Make the McKenzie Connection!

It's best to cut grass often and leave clippings on lawn

If your goal is a nice lawn, leave clippings on the grass when you mow. It’s easier, feeds the grass, and leads to a better-looking and healthier lawn.

Unless you’ve let the lawn grow excessively long, or the clippings are in thick clumps, grass clippings are a good source of nutrients. Leaving clippings helps save fertilizer costs and thereby prevents ground and surface water contamination.

“Our research has shown that we can cut the fertilizer application rate almost in half when we return clippings with a mulching-type rotary mower,” Kowalewski said. “And on lawns growing in clay soils, I have produced acceptable quality turf for as long as 12 years without adding any fertilizer at all.”

Grass clippings contain up to the equivalent per weight of 3-4 percent nitrogen, .5 percent phosphorus, and 2.5-3.5 percent potassium, Kowalewski said.

If you plan to leave the clippings, mow the lawn often.

“Frequent mowing, about once a week during the growing season, will have a greater impact on turf quality than any other lawn care practice except irrigation in the summer,” he said. “I consider mowing more important than fertilizer if clippings are returned via a mulching mower. If clippings are removed, then the only way to keep fertility up is to keep adding more fertilizer.”

Your grass should be cut often enough so that not more than one-third of the grass blade is removed at any one time. Mowing your lawn once a week during the growing season will go a long way toward achieving this.

Don’t leave piles of heavy, wet clippings on the lawn. You need to rake them, or the grass underneath may be smothered. During periods of wet weather and excessive growth and you’ve missed a week or two of mowing, use a bagger to collect clipping. Go back to mulching when things are back under control, and the clippings are not excessive, Kowalewski said. Clippings break down quickly, often in a matter of a few weeks.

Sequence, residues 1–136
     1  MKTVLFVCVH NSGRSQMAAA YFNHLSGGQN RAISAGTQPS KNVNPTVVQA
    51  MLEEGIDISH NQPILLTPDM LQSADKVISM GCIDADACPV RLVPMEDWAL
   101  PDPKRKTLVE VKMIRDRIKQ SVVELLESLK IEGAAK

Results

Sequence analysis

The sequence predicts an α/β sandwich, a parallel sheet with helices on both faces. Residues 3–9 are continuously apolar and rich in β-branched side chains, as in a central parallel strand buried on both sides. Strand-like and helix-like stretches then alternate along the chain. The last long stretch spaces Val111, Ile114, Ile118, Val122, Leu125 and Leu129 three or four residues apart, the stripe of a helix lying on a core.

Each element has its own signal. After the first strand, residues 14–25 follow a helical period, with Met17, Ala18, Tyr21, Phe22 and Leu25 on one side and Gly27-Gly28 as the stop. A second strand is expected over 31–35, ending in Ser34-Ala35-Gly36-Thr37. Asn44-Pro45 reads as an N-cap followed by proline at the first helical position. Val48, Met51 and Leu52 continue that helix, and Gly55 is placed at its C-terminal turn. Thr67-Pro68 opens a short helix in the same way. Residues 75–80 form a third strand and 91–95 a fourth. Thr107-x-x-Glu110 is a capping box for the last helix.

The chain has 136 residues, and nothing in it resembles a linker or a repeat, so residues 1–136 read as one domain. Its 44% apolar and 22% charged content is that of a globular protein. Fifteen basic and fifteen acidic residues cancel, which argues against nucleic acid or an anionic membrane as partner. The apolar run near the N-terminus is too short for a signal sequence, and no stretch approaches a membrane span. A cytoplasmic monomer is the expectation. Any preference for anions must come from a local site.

Be sure the mower blade is sharp and cuts, not tears, your grass. A sharp blade will also help chop the clippings into smaller pieces as you mow over the lawn. Most manufacturers suggest sharpening your mower after around 20-25 hours of use. If mowed frequently, clippings break down quickly, often in a matter of a few weeks.

A mulching mower works even better because it is designed to chop up clippings very fine and then deposit them down in the turf canopy.

Thatch build-up is a myth

Despite rumors to the contrary, clippings do not promote thatch build-up. Thatch is caused by turfgrass species that grow by stolons, which are common on golf course putting greens. This is why aerating is a common practice on putting greens.

“Virtually all research conducted with turf has shown that grass clippings do not increase thatch,” Kowalewski said. “In most cases, thatch increases as mowing height increases.”

Author Bio

Kym Pokorny, Communications Specialist for Oregon State University

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Public Service Communications Specialist


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